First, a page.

The daytime cycle in dust aerosol direct radiative effects observed in the central Sahara during the Fennec campaign in June 2011

Jamie R. Banks, Helen E. Brindley, Matthew Hobby, John H. Marsham

Research output: Contribution to journalArticlepeer-review

16 Scopus citations


© 2014. American Geophysical Union. All Rights Reserved. The direct clear-sky radiative effect (DRE) of atmospheric mineral dust is diagnosed over the Bordj Badji Mokhtar (BBM) supersite in the central Sahara during the Fennec campaign in June 2011. During this period, thick dust events were observed, with aerosol optical depth values peaking at 3.5. Satellite observations from Meteosat-9 are combined with ground-based radiative flux measurements to obtain estimates of DRE at the surface, top-of-atmosphere (TOA), and within the atmosphere. At TOA, there is a distinct daytime cycle in net DRE. Both shortwave (SW) and longwave (LW) DRE peak around noon and induce a warming of the Earth-atmosphere system. Toward dusk and dawn, the LW DRE reduces while the SW effect can switch sign triggering net radiative cooling. The net TOA DRE mean values range from -9 Wm$^{-2}$ in the morning to heating of +59 Wm$^{-2}$ near midday. At the surface, the SW dust impact is larger than at TOA: SW scattering and absorption by dust results in a mean surface radiative cooling of 145Wm$^{-2}$. The corresponding mean surface heating caused by increased downward LW emission from the dust layer is a factor of 6 smaller. The dust impact on the magnitude and variability of the atmospheric radiative divergence is dominated by the SW cooling of the surface, modified by the smaller SW and LW effects at TOA. Consequently, dust has a mean daytime net radiative warming effect on the atmosphere of 153Wm$^{-2}$.
Original languageEnglish (US)
Pages (from-to)13,861-13,876
Number of pages1
JournalJournal of Geophysical Research: Atmospheres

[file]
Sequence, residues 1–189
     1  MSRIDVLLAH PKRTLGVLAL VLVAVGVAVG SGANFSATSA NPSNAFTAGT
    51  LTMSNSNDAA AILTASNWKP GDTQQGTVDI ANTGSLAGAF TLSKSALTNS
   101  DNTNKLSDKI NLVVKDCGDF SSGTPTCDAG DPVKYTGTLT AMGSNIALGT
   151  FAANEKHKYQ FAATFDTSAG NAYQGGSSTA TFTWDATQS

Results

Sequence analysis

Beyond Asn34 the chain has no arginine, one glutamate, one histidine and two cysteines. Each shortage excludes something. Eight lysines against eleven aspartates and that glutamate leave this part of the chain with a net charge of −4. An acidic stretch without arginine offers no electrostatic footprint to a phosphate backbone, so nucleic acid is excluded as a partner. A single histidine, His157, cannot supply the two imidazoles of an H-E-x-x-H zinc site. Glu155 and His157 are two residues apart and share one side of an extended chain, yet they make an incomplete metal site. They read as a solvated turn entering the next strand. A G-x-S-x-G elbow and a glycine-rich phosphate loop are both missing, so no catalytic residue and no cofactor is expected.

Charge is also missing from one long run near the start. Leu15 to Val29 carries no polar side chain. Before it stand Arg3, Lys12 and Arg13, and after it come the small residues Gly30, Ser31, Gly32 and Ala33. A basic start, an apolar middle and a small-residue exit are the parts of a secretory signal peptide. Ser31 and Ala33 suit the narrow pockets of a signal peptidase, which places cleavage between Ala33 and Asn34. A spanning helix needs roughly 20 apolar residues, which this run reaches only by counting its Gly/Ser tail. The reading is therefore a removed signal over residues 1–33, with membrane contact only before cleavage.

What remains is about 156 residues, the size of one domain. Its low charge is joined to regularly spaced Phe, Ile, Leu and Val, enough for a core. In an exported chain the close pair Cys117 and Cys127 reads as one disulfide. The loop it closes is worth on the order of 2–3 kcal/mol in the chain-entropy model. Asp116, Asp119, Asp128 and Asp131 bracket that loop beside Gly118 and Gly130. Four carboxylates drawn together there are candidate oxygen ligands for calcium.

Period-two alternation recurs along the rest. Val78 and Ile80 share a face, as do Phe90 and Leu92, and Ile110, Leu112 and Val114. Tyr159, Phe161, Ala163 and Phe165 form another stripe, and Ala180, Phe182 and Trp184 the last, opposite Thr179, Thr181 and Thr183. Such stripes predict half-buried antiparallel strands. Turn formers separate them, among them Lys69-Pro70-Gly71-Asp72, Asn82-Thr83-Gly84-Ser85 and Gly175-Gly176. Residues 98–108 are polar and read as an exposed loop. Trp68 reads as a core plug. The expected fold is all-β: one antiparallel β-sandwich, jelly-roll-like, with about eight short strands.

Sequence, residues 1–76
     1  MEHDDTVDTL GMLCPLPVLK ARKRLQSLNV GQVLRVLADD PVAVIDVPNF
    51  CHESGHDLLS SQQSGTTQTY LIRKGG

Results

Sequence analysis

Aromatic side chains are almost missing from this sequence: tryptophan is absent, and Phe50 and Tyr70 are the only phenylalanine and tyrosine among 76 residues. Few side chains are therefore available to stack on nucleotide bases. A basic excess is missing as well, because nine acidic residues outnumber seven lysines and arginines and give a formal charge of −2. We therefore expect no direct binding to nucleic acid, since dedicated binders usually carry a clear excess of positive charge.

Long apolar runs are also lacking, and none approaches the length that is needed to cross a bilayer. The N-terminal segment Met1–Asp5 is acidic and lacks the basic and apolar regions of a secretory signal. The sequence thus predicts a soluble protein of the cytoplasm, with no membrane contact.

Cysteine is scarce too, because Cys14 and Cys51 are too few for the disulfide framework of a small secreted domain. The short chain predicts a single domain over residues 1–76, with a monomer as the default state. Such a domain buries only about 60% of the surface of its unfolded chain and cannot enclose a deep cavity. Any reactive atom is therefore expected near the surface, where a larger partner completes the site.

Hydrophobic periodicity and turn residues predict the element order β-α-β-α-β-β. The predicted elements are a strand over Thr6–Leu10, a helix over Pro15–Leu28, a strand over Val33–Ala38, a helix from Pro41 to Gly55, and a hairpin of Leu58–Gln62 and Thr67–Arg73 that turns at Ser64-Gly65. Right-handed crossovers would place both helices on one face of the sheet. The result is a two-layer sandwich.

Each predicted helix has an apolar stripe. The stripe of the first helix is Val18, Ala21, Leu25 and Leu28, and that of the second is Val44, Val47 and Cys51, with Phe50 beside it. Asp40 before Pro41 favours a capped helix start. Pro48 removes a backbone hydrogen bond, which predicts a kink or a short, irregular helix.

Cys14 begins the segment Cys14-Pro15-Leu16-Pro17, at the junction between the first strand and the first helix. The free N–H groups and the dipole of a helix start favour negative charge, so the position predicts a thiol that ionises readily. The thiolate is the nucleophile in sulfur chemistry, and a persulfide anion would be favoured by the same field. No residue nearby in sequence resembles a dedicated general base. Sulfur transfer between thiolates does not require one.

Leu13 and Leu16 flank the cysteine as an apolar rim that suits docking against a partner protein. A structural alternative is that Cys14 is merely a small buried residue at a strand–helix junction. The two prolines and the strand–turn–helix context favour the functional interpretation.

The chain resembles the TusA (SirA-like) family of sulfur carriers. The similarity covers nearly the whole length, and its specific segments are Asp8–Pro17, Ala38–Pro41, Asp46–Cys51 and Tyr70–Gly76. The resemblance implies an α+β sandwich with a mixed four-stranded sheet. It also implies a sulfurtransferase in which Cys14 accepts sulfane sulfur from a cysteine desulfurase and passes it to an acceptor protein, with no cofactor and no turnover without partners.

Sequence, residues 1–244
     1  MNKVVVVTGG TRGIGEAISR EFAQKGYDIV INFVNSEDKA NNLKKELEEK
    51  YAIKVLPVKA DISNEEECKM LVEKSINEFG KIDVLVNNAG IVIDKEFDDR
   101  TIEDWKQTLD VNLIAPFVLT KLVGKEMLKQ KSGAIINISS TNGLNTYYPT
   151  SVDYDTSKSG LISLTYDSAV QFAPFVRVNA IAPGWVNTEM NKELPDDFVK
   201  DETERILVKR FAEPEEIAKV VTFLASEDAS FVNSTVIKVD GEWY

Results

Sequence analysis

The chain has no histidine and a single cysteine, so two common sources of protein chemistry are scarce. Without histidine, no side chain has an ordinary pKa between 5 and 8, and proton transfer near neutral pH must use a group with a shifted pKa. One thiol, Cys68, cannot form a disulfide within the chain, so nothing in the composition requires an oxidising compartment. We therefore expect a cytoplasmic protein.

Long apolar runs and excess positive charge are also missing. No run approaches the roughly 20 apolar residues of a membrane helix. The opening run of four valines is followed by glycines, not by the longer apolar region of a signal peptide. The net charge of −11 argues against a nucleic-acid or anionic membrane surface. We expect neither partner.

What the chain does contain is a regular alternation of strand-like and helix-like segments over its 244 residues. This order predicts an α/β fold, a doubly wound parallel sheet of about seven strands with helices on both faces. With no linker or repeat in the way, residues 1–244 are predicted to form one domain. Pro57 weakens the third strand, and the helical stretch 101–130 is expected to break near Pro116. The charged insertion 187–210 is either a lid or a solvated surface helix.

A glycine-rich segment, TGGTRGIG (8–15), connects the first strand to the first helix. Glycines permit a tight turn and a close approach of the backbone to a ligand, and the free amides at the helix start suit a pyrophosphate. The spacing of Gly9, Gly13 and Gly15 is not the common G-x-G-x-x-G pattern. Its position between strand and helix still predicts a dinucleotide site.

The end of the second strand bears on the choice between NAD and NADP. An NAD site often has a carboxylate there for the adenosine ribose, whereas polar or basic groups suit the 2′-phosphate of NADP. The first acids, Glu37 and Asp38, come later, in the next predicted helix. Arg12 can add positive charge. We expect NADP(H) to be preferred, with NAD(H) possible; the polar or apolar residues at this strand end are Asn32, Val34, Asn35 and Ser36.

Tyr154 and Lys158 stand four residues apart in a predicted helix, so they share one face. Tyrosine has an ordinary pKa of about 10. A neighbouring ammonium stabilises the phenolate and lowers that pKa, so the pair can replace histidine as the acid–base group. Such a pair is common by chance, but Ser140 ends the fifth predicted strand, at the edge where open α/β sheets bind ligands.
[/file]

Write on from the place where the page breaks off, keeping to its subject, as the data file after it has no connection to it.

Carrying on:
Issue number24
StatePublished - Dec 16 2014
Externally publishedYes

Bibliographical note

KAUST Repository Item: Exported on 2020-10-01
Acknowledgements: We would particularly like to thank Azzedine Saci, Abdelkader Ouladichir, Bouziane Ouchene, and Mohammed Salah-Ferroudj of the Office National de la Meteorologie of Algeria (ONM) for managing and running the Fennec supersite at BBM, and Benyakoub Abderrahmane, Mohammmed Limam, and Diali Sidali (ONM) for their assistance. Further thanks is due to all the members of the Fennec ground-based field campaign team and especially to Martin Todd (University of Sussex) for access to the AERONET data. The Royal Meteorological Institute of Belgium provided the GERB HR data used in the DRE retrievals. The MODIS emissivity data product was obtained through the online Data Pool at the NASA Land Processes Distributed Active Archive Center (LP DAAC). The ERA-Interim meteorological data used in the AOD and DRELWTOA retrievals were produced by ECWMF, and access to the data set was provided by the British Atmospheric Data Centre. The SEVIRI AOD and DRE data used in this study are processed and archived at Imperial College London; contact Jamie Banks ( for more details and to request data access. Research reported in this publication has been supported by the King Abdullah University of Science and Technology (KAUST). Finally, we would like to thank the three anonymous reviewers and the editor for their valuable comments which greatly improved this paper.
This publication acknowledges KAUST support, but has no KAUST affiliated authors.


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